Barefoot Running Injuries: Top of Foot Pain

One of the most common barefoot running injuries is top of foot pain. How does this happen? One reason is you might be over-engaging your toes during the push-off phase of running. Put differently, you may be using your toes too aggressively to launch your body forward at each step, and that alone will cause toe injury and top of foot pain, but this can be easily corrected because as it turns out, you shouldn’t be using your toes in that manner, at all!

Barefoot Running Injuries: Top of Foot Pain
Barefoot running is better for your feet than shod running because for one, it makes your feet more energy efficient by improving the elastic properties of the arch, while improving the accuracy of your forefoot strike. For another, being barefoot in general is the only way to develop the kind of foot strength that adapts to new levels of training with greater ease. The only way to strain and injure your toes is if you aggressively use them to push your body through each step. In this post, you’ll learn how to avoid this injury:

In running, using your toes too much for propulsion was found to cause aberrant plantar nerve connectivity, resulting in toe pain and injury. In simple terms, forcefully using your toes for push-off hyper-stretches the nerve fibres that line the toes and forefoot.

Whats more, aggressive toe push-off to initiate flight is a common mechanical trait in heel strike running because toe-push off is the only mechanism to drive forward momentum with that running style.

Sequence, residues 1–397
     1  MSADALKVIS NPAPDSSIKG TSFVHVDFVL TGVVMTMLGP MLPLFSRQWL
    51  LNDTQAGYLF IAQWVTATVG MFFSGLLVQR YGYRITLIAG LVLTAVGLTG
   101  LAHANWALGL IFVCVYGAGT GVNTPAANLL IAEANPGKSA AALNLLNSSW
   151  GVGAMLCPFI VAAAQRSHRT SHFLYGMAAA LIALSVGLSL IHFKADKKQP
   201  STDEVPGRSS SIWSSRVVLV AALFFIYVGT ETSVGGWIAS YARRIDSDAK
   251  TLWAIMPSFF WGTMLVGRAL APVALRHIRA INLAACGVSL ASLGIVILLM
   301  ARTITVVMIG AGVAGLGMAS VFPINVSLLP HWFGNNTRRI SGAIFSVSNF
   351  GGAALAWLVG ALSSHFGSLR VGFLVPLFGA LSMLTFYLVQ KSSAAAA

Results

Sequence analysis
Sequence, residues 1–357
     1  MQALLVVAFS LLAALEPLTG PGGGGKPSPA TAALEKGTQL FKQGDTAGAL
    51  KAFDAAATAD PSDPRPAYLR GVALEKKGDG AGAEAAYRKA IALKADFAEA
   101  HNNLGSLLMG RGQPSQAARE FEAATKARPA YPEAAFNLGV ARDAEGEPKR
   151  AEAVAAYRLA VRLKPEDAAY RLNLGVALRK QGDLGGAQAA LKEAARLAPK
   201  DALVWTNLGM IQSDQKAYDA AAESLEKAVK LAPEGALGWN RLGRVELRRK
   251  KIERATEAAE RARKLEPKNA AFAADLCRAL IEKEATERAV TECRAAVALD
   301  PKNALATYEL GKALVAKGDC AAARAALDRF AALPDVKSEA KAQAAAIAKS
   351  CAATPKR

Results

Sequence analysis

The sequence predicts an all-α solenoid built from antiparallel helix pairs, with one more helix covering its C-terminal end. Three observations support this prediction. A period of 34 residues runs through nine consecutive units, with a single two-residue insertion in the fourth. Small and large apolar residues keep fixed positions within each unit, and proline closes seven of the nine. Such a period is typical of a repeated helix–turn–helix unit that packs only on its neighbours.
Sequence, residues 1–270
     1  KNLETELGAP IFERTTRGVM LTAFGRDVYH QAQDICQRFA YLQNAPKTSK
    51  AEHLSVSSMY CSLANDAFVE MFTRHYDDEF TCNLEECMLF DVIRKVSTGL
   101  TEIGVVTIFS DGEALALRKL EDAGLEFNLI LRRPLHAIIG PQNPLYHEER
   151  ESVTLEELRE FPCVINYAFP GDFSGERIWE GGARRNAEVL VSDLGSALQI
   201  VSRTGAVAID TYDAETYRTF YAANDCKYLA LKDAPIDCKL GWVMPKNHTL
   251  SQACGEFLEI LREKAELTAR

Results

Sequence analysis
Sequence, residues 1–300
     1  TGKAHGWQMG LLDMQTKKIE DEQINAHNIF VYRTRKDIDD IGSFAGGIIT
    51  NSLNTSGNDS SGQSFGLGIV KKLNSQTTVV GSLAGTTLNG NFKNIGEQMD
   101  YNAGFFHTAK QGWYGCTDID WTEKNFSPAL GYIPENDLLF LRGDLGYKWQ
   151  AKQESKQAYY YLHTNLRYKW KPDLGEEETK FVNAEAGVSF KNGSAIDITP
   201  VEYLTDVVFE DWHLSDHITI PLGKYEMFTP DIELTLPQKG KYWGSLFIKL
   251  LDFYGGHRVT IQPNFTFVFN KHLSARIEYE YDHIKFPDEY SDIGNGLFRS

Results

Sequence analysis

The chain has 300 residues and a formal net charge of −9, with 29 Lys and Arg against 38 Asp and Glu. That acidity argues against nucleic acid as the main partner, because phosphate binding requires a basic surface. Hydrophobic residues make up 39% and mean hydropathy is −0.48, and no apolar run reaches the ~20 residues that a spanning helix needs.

Another reason heel strike runners rely on their toes to launch the body into the next step is because the torso is automatically pushed back at heel strike, shown below:

Is Heel Striking Bad For Your Achilles?
The farther back you land on your heel when running, the more the torso unintentionally pushes farther back behind initial foot strike position, which creates an over-stride. This over-stride causes the toes, along with the knee, to carry the bodyweight through a longer line of travel. This was found to dramatically increase mechanical strain on the toes as well as the knee-joint as compared with forefoot running.

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More specifically, the common mechanical traits of heel strike running that damage the toes are more clearly outlined below:

  • At heel strike, the center of mass (which also the torso) is kept posteriorly relative to foot strike position.
  • To keep the center of mass traveling forward, the foot rolls heel to toe (shown below), then the toes propel the body forward.Why Heel Strike Running is Bad for Your Feet
  • The downside of this is the foot is in an extreme position that affects the conduction properties of the peripheral nerves in the feet, shown below:
Barefoot Running Injuries: Top of Foot Pain
This is an example of toe-propulsion to initiate flight during running. The toes are overloaded when used to propel the entire mass of the body. Nerve fibers are stretched and compressed during the process. SOURCE: Peck et al. Neuropathy in runners (fig 2.) Clin Sports Med, 2010 (29):437-457

A study by Smith and Dahm (2001) observed that toe propulsion was facilitated by extreme toe dorsiflexion (shown above) which compresses, stretches and demyelinate the plantar interdigital nerve located under the inter-metatarsal ligament! What does this mean?